CNBC: Countrywide CEO Sees 'Overreaction' to Subprime Loan Problems
Countrywide Financial Chief Executive Angelo Mozilo told CNBC's Maria Bartiromo that there's been an "overreaction" to the subprime lending shakeout, though he believes the problem may get worse before it gets better.
"The severity of the impact can be materially helped by a very rational regulatory and legislative environment," Mozilo said. "There's been a rush to judgment and an overreaction. If everyone steps back and looks at the issue in a calm rational manner, this crisis, which appears to be a crisis, will pass rather quickly."
Mozilo said he's mostly concerned for first-time homebuyers: "The only way that lower income and minorities can get into middle income is through buying a home," he said. "And there is a real rush to judgment in cutting off the programs that many of these people have historically used for many years to get into their first home."
He said that much of the problem is tied not to this group, but to investors and speculators who used more exotic mortgages to buy investment properties. "They are not new products or exotic products, but some of them have been sold to people they shouldn't have been sold to."
"Clearly an Overreaction"
Now, he explains, there are first-time home buyers who need to refinance because their interest rates are resetting to higher levels. "They can't get refinancing because the rules changed on them after the game started," he said. "This is clearly an overreaction."
Mozilo also said the fallout from subprime lending -- the business of making loans to people with poor or spotty credit histories -- will largely be shouldered by the "monoline" lenders such as New Century, Novastar, and Accredited Home Loans and less so at more diversified lenders.
"It’s a mistake to apply what's happening to them to the more diversified financial services companies like Countrywide, Wells Fargo and others," he told CNBC. In fact, "this will be great for Countrywide because at the end of the day, all of the irrational competitors will be gone."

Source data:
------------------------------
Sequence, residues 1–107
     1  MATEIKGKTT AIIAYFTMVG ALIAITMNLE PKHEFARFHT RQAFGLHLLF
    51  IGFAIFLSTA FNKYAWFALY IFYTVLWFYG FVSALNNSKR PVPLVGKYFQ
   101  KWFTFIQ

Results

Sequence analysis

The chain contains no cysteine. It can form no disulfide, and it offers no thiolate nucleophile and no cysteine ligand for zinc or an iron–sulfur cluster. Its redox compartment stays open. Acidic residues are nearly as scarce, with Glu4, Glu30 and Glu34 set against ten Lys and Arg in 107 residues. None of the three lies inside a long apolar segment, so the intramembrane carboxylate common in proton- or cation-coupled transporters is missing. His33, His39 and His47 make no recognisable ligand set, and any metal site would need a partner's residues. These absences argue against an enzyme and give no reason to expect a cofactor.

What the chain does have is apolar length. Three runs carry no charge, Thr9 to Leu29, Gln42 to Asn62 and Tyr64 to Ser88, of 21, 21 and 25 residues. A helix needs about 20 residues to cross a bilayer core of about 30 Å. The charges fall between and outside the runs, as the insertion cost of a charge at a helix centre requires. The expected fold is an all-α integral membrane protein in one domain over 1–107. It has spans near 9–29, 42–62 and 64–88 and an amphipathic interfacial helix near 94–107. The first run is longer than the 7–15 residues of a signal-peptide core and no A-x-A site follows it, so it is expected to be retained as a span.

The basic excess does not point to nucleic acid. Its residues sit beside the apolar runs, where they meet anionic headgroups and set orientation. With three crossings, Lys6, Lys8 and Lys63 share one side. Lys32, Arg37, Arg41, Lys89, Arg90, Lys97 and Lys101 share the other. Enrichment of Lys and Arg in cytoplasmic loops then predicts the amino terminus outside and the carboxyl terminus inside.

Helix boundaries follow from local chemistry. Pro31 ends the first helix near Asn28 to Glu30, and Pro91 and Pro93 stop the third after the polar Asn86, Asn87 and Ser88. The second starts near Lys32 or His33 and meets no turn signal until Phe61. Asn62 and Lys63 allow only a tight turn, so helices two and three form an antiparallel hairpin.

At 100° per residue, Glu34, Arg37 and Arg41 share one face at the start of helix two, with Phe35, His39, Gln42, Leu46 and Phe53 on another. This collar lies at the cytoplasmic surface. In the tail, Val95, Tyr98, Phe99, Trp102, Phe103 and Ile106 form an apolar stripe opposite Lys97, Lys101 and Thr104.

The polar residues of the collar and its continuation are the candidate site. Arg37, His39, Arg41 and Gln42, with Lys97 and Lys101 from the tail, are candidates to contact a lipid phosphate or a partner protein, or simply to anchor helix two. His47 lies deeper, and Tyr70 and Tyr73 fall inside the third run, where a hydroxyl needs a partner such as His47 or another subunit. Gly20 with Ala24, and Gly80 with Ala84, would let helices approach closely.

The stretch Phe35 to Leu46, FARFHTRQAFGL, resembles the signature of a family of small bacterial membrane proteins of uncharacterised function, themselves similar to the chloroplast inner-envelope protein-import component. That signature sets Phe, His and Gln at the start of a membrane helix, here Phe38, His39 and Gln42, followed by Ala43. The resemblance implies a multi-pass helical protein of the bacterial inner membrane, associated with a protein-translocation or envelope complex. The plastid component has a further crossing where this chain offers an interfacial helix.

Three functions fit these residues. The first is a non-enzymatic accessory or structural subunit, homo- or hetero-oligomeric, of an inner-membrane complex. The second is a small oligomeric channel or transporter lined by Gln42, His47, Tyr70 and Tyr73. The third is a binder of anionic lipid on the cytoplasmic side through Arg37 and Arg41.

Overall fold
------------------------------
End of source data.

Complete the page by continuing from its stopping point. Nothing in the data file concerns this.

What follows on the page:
But they haven't been able to entirely avoid subprime's reaches. On Monday, Countrywide, which is the nation's largest mortgage lender and fourth-largest subprime lender, said it eliminated 108 jobs in its wholesale lending unit's subprime division. The company said in an e-mail disclosing the cuts that they "align the company's workforce with the recent changes in the mortgage market."
In addition, the company said that foreclosures rose to a five-year high and turmoil in the subprime market may hurt near-term earnings.
It was not immediately clear how many workers are in the subprime division. Subprime loans represent less than a tenth of Countrywide's overall lending. The entire company employed
55,311 people at the end of February.
Countrywide said the foreclosure rate rose to 0.70% from January's 0.69% and last February's 0.47%. It also said 4.71% of loans were at least 30 days past due, the same as in January and up from 4.29% last February. The rate matched the second-highest level over the last five years.
The company is the fourth-largest subprime lender. "Nonprime" loans in February fell 10% from a year earlier to $2.59 billion. Overall mortgage lending rose 10% to $34.57 billion.
"We are more concerned that the weakness has spread to other sectors of the residential mortgage market," wrote Wachovia Capital Markets analyst Jim Shanahan. He lowered Countrywide to "underperform" from "market perform."
Countrywide Chief Operating Officer David Sambol said the company has undertaken a "further tightening of underwriting guidelines."
Sambol said Countrywide should benefit as weaker competitors exit the market, but it "may experience short-term earnings volatility" during the shakeout. The company said it added 326 employees last month, bringing the total to 55,311.
Countrywide sells many of the loans it makes, and said its residual exposure for nonprime loans was $402 million on Dec. 31, or 0.2% of assets.
Credit Suisse analyst Moshe Orenbuch said first-quarter earnings would fall by 60 cents a share if Countrywide wrote off its subprime residuals and sold no subprime loans in the quarter.
Spokesman Rick Simon did not immediately return a call and e-mail seeking comment. Analysts on average expect quarterly profit of 98 cents per share, according to Reuters Estimates.
The company services $1.33 trillion of mortgage loans.
Countrywide on Friday told brokers to stop offering no-down-payment mortgages, according to a document obtained by Reuters. Other lenders have made similar changes.
According to UBS analysts, lax underwriting standards made 2006 perhaps the worst year ever for mortgage credit quality.
Countrywide shares have fallen by more than one-fifth from their Feb. 2 record high of $45.19.